The failings of the current transactional recruiting model used by the vast majority of internal and external recruiters are well documented. The most recent studies show that, on average, executives and managers recruited from outside an organization are pushed out, fail, or quit within 18 months. Given the high cost of mis-hires and turnover, this is a rate of success that corporations, particularly health systems, hospitals and other medical providers simply cannot afford.
If “people are our most important asset,” as so many healthcare annual reports proclaim, then why would a company, especially a healthcare organization, want to use a recruiting business model and process that has remained essentially unchanged for more than 50 years and produces such haphazard results?
Transformational recruiting will produce better results and value. For clients this translates into significantly lower talent acquisition and retention costs over the long term.
What is Transformational Recruiting?
It is an approach that is, first and foremost, based on the principles of a Total Onboarding Program (TOP) as outlined by industry thought leader George Bradt and his talented colleagues at
PrimeGenesis , Stamford, CT.
The following statements characterize important elements of the transformational recruiting model that I have developed over 16 years in the search industry with wonderful insights from the aforementioned Mr. Bradt.
- Onboarding begins before the start of the search process. This is when you define the job – the scope of responsibility, reporting relationships, and performance deliverables. You identify the appropriate academic and professional credentials and the competencies necessary to achieve success. Obtaining buy-in from the position stakeholders before the recruitment process begins is essential.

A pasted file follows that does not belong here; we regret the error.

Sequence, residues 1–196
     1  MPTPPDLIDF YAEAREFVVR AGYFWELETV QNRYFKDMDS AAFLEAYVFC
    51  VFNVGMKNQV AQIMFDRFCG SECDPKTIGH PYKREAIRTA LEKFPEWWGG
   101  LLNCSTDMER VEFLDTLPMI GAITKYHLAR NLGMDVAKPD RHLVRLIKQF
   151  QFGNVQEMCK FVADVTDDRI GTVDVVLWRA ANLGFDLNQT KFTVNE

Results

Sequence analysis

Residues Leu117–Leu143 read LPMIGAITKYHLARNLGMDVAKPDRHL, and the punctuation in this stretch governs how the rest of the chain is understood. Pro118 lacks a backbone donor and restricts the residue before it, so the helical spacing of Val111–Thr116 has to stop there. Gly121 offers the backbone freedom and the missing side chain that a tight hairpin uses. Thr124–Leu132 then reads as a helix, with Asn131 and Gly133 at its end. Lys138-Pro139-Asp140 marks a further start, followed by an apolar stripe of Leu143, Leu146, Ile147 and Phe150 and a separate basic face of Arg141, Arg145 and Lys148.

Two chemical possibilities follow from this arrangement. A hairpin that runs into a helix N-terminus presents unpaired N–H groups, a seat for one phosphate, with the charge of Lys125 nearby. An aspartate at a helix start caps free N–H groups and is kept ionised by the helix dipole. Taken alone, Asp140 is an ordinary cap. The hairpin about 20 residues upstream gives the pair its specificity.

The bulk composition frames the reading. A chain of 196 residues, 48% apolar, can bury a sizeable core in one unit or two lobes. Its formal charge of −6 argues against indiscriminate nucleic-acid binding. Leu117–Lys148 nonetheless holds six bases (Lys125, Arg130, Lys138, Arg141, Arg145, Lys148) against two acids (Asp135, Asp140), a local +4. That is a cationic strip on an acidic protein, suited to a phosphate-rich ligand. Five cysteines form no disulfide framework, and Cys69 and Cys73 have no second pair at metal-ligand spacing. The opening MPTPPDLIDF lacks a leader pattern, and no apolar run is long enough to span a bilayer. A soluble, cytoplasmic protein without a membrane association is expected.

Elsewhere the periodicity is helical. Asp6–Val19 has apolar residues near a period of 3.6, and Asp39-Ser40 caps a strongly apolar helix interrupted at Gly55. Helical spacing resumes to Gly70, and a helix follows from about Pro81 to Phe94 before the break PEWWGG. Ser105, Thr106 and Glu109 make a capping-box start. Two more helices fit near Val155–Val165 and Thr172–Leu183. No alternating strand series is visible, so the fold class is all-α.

- Transparency is critical. Organizations must learn to be honest with themselves about themselves. Being honest on the front end is the least embarrassing and least expensive time to make relevant disclosures to candidates. Under the transactional model, failure to be transparent is one of the most common candidate complaints.
- Challenge the conventional wisdom. Transformational recruiters are not “yes” consultants. They have the experience and the courage to challenge their bosses or their clients.
- Document the issues. In transformational recruiting, the position description is more like a position prospectus, a detailed offering statement that covers all the essential transparency issues. Transparency and full disclosure are absolutely necessary in a best-in-class onboarding program. If the candidate has to wait until a site visit to find this level of detail, the search process is defective and the chances of success are greatly jeopardized. In transactional recruiting, the average position description from external firms is eight to 12 pages. Internal recruiters usually provide less, if anything at all.
- Accountability is required. Recruiters, whether internal or from an outside firm, must be held accountable for their performance – meeting deadlines, producing a panel of acceptable recommended candidates, etc. In transformational recruiting this is done with performance penalties and extended placement guarantees. Documentation (#4 above) is part of the accountability process.